The Los Angeles Times on Monday won two Pulitzer Prizes, for art critic Christopher Knight’s watchdog coverage of plans for the new Los Angeles County Museum of Art, and reporter Molly O’Toole’s audio story about U.S. asylum officers’ discontent with President Trump’s “Remain in Mexico” policy. The Times was also a finalist in three other categories.
Christopher Knight, criticism winner
Knight wrote a series of critiques of LACMA as the county prepared to vote on releasing $117.5 million in taxpayer funds to help build a new museum building.
The Pulitzer board recognized Knight for “demonstrating extraordinary community service by a critic, applying his expertise and enterprise to critique a proposed overhaul of the L.A. County Museum of Art and its effect on the institution’s mission.”
More of Knight’s winning work:
The County Board of Supervisors meets Tuesday to vote on moving forward with a planned redesign of the Los Angeles County Museum of Art.
Without fanfare, the Los Angeles County Museum of Art has taken a momentous step.
Molly O’Toole, audio winner
In collaboration with “This American Life” and Emily Green, a freelancer for Vice, O’Toole won the first ever Pulitzer Prize for audio reporting. She investigated one of the Trump administration’s most successful policies to restrict asylum — the so-called Remain in Mexico program. She found that asylum officers were in open revolt against policies they said were immoral and illegal.
The Pulitzer board described “The Out Crowd” as “revelatory, intimate journalism that illuminates the personal impact of the Trump administration’s ‘Remain in Mexico’ policy.”
More of O’Toole’s immigration coverage:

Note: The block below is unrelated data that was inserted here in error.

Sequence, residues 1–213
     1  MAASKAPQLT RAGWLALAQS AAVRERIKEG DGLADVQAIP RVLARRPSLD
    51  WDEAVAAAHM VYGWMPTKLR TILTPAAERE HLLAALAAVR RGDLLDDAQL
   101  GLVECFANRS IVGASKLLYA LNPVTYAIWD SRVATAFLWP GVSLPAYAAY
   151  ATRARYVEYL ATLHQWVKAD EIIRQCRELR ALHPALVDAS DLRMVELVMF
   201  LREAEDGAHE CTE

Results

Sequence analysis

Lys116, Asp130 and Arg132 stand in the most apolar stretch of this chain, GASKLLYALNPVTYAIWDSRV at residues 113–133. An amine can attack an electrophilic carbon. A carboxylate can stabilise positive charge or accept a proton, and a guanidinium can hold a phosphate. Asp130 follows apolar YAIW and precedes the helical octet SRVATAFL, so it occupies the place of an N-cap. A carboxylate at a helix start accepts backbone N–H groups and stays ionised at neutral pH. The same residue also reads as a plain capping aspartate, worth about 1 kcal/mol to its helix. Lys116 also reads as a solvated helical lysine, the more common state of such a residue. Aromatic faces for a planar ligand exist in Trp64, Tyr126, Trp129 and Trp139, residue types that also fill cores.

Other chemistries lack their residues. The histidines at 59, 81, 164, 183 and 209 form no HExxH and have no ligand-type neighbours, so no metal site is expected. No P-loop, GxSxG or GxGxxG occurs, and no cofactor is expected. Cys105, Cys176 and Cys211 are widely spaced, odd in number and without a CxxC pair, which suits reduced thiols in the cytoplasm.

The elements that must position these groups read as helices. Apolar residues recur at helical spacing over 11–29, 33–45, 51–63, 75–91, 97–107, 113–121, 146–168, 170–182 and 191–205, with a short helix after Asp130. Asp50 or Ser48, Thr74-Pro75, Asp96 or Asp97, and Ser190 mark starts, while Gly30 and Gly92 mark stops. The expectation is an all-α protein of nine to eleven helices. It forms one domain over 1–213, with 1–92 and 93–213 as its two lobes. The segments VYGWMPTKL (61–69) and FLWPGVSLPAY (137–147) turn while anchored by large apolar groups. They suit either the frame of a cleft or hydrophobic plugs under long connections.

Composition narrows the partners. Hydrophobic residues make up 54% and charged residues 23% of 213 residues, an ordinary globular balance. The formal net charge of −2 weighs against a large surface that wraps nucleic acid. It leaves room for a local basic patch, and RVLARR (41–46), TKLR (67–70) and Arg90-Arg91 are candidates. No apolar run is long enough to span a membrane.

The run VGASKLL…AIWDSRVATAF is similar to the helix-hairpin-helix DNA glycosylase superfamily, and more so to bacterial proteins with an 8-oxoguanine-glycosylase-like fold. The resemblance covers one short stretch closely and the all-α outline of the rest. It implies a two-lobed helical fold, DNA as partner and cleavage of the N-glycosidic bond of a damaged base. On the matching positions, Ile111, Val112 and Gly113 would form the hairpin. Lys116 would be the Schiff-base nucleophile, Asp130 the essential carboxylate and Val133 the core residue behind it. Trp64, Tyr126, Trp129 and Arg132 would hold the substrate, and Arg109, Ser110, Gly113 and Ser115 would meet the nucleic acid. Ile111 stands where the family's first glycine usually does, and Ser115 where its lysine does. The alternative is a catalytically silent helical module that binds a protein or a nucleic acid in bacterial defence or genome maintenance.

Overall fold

The order restricts some new entrants but does not include a broad restriction on new green cards as Trump had indicated a day earlier.
With his poll numbers dropping, President Trump says he’ll restrict legal immigration to battle the economic fallout of coronavirus, but the connection remains unclear.
Times Staff, breaking news reporting finalist
The staff was a finalist for a breaking news Pulitzer for its coverage of the Conception boat fire that killed 34 people off of the coast of California on Labor Day.
The board cited “dynamic coverage that expertly blended multimedia components, frequent updates and rich narrative to report on a devastating California boat fire that killed 34 people.”
More from our Conception coverage:
The Conception, where 34 people were killed in California’s worst maritime fire in recent history, was a “compliant fire trap,” one expert said.
Investigators seek cause of deadly fire aboard California dive boat
Steve Lopez, commentary finalist
Lopez was a finalist for a Pulitzer Prize for commentary for his columns chronicling Los Angeles’ homeless community.
The board praised Lopez for “purposeful columns about rising homelessness in Los Angeles, which amplified calls for government action to deal with a long-visible public crisis
More from Lopez on L.A.'s homeless community:
Coronavirus: “Is anybody around here sick?” Street doctor races to get ahead of outbreak
If the president is so interested in pitching in, why is he proposing budget cuts likely to make things worse?
Rosanna Xia, Swetha Kannan and Terry Castleman, explanatory reporting finalist
The board saluted the team for “a deeply researched examination of the difficult choices Californians must make as climate change erodes precious coastline.”
More from Xia on sea level rise:
As coastal cities in California fight to defend their homes and roads from sea level rise, the small city of Marina is taking a different path, banning seawalls and adopting a policy known as managed retreat.
In Foster City, where the ‘king tide’ over the weekend reached 9 feet, the answer is a taller levee, costing $90 million. The plan comes as legislators warn that California is running out of time to prepare for sea level rise.